Aug 5, 2019
As many as 1,000 district water systems in California are at a high risk of failure in delivering potable water, according to the California State Water Resources Control Board. That is, one out of every three California districts gets contaminated water. Already, more than 300 public water systems in the state are out of compliance with federal drinking water safety standards, and one million Californians are exposed to unsafe drinking water.
Mostly low-income working-class communities resting on thin budgets are served with such hazardous water by the State of California and its cities. One example is Willowbrook, located in South Los Angeles. For more than a year in this working-class community, discolored water has regularly gushed from faucets in hundreds of homes. L.A. County officials have admitted that the discoloration of the water comes from high levels of manganese in old pipes. But the officials say there is nothing to worry about; and they dismiss the discoloration as a secondary, aesthetic issue.
In the meantime Willowbrook’s contaminated water has been coating kitchen sinks and bathroom tubs with silt, clogging washing machines and boilers, causing costly replacements, and inflicting people with diseases like hives and stomach problems. No, this is obviously much more harmful than a mere “eye sore,” as the officials would want us to believe!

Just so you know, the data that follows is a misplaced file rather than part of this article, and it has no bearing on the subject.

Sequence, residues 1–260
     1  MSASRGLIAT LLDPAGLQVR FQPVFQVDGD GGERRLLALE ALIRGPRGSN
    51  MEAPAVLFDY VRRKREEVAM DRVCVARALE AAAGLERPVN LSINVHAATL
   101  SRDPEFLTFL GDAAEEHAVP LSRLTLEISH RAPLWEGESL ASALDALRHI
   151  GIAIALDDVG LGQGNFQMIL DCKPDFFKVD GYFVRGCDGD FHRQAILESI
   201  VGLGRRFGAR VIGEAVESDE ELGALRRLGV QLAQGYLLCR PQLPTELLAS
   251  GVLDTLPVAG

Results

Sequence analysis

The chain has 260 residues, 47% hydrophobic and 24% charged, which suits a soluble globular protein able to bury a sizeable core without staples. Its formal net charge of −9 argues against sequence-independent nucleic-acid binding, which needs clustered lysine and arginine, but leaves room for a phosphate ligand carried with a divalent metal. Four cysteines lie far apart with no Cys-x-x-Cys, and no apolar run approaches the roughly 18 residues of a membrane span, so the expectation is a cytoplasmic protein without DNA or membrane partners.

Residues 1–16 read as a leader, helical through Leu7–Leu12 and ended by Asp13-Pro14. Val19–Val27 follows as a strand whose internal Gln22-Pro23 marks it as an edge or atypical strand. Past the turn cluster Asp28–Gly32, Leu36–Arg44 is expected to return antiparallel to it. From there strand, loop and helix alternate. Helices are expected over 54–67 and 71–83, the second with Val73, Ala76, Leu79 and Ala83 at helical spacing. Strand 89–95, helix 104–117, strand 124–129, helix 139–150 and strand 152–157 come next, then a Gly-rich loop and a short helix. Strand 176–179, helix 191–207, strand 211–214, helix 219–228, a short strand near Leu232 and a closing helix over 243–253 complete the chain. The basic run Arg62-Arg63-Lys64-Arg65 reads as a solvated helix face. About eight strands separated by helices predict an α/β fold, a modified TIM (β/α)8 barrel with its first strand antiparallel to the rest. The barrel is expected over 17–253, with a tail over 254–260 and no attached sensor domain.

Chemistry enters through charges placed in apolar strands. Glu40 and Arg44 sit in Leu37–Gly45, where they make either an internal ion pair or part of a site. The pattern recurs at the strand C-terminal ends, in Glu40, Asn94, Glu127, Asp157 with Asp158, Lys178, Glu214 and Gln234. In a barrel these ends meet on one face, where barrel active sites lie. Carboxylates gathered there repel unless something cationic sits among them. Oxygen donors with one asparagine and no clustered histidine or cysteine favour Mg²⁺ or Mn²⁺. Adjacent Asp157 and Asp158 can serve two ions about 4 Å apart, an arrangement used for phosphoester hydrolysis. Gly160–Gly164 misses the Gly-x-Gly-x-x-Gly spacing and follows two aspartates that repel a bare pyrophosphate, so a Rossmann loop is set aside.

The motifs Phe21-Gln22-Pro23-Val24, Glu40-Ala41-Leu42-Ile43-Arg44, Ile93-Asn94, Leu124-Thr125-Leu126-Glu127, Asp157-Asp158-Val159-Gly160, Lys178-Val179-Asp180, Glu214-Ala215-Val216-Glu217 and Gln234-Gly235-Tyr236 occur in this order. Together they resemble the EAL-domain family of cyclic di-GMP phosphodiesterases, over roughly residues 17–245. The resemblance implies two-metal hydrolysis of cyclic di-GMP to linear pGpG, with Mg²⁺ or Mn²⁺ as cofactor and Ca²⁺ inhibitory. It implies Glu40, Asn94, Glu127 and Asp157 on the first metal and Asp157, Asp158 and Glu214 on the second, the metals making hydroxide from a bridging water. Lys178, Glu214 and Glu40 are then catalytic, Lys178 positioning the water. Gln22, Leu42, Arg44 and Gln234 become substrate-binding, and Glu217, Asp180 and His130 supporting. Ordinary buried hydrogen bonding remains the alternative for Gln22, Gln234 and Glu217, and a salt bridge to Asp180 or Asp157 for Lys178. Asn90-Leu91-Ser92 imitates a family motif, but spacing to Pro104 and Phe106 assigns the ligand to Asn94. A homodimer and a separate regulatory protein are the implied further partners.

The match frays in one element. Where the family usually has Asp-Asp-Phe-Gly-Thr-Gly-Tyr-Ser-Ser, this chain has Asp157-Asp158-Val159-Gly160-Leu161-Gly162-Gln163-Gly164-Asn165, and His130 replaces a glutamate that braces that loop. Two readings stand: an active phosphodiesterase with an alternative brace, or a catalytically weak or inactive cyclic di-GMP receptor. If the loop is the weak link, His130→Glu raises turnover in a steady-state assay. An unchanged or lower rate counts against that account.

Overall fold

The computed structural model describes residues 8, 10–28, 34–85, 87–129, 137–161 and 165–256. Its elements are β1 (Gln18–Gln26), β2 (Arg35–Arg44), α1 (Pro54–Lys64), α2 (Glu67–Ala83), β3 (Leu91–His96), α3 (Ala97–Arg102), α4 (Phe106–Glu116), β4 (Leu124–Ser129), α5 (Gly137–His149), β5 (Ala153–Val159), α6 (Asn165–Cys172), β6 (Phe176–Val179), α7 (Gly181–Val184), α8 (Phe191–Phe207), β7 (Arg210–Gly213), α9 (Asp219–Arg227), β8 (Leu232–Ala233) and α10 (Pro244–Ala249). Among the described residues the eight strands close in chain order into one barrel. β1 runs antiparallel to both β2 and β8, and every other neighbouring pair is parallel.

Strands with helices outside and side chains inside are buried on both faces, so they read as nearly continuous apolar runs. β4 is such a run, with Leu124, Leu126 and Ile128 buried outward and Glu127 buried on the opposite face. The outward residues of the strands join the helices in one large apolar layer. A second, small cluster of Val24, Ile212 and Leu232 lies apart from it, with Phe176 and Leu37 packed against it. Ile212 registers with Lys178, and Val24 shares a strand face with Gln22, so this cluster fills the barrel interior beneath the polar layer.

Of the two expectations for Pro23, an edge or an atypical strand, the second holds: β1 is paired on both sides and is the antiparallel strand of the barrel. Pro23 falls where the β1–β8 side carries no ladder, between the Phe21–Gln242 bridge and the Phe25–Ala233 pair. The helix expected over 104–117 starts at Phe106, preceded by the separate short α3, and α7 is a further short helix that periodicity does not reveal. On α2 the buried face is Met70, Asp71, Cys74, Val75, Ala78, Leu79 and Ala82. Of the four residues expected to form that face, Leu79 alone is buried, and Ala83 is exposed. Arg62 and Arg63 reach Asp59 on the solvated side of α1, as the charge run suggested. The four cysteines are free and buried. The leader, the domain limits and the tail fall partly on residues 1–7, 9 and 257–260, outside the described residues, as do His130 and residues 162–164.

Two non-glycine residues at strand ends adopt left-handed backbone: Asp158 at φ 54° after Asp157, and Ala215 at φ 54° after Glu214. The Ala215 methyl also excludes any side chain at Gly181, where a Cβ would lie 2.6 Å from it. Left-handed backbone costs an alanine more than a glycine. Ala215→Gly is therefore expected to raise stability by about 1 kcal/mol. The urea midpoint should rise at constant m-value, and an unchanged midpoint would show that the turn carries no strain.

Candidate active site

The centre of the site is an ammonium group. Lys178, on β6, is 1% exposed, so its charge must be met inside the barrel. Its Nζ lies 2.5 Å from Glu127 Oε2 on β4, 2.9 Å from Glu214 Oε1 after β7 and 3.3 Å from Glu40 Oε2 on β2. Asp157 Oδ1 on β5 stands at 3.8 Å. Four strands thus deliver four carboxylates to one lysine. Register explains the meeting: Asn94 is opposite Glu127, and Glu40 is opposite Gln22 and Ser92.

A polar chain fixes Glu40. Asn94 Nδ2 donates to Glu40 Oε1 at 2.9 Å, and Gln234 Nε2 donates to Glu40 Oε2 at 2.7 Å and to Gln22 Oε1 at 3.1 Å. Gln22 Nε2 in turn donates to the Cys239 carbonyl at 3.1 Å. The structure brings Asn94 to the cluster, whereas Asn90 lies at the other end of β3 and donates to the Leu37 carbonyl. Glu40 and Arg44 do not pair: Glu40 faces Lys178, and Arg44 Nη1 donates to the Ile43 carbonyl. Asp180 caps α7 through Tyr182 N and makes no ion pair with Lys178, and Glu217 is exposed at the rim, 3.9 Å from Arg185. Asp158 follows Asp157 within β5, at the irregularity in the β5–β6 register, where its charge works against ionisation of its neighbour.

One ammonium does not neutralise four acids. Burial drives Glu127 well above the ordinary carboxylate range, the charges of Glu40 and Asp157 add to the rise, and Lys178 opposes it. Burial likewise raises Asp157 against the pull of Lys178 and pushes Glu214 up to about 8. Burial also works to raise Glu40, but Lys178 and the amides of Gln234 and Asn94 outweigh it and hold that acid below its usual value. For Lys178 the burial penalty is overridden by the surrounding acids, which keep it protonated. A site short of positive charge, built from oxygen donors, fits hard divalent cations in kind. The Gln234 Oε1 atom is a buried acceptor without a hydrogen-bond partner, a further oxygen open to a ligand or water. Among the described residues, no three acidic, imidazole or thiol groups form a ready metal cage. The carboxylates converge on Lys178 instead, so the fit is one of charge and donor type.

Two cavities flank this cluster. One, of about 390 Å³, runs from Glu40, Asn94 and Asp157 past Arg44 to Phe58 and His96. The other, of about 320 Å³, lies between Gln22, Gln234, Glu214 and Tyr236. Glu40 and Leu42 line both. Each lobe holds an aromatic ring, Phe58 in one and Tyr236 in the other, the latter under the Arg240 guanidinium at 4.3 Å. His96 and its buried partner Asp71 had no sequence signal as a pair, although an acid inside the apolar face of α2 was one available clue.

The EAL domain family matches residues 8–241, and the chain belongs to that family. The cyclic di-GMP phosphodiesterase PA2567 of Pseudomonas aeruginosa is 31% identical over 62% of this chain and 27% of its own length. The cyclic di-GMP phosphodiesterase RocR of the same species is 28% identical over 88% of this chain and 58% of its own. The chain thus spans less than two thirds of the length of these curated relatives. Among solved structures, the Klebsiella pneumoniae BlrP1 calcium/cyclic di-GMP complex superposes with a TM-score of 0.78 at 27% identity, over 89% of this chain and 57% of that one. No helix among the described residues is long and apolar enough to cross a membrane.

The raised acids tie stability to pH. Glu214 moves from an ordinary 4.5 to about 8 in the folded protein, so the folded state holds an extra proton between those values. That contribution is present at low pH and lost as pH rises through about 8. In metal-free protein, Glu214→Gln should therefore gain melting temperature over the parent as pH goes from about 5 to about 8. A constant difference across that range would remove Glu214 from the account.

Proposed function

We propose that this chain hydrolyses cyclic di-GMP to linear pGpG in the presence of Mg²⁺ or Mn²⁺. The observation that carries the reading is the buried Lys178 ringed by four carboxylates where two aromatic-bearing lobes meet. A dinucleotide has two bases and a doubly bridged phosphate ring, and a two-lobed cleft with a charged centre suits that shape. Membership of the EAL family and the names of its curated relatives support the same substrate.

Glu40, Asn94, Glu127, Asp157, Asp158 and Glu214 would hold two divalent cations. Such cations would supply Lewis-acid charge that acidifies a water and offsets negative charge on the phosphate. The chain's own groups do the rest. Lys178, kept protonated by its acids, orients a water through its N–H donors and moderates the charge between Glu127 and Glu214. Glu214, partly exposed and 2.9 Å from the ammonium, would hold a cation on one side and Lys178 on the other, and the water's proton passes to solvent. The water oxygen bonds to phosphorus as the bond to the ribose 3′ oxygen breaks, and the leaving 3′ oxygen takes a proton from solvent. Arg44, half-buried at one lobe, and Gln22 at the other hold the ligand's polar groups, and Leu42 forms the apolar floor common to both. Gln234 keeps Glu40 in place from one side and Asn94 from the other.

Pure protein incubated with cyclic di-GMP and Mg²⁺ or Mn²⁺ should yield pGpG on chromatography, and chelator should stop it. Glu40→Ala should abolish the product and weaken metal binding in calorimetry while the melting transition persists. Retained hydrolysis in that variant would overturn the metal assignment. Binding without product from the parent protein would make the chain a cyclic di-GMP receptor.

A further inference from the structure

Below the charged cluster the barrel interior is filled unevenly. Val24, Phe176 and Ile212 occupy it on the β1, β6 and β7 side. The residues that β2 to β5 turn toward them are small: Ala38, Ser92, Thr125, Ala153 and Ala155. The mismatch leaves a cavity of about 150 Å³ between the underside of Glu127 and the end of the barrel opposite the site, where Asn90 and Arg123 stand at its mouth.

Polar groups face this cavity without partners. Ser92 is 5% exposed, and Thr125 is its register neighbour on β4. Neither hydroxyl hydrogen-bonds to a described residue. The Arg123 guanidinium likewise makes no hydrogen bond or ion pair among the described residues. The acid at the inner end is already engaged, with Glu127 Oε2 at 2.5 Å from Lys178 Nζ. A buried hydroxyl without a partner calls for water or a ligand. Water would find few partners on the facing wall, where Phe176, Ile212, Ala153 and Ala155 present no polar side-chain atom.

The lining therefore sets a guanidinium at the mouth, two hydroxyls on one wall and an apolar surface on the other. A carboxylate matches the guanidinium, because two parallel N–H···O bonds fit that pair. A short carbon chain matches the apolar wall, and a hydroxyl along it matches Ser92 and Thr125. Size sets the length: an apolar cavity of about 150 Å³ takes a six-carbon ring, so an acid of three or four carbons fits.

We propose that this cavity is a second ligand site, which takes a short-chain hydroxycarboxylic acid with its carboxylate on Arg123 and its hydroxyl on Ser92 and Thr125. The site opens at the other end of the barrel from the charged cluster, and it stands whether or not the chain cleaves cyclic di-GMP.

One in four residents of Willowbrook survive on poverty-level incomes. But they spend more money on drinking water than many families do in a wealthy community like Beverly Hills, only 20 miles away.
California’s Governor Gavin Newsom has allocated 130 million dollars annually in the budget he signed in June, to supposedly help distressed water systems in the state. But Willowbrook alone needs 14 million dollars just to carry out repairs, and upgrading the system will require much more. Since there are 1,000 more districts in need of upgrades in the state, the 130 million dollars is laughable.
California politicians brag about the state constituting the fifth-largest economy in the world. It’s not that they don’t have the money to make sure all residents of California get clean water – they are just not interested in delivering it, especially to working-class Californians.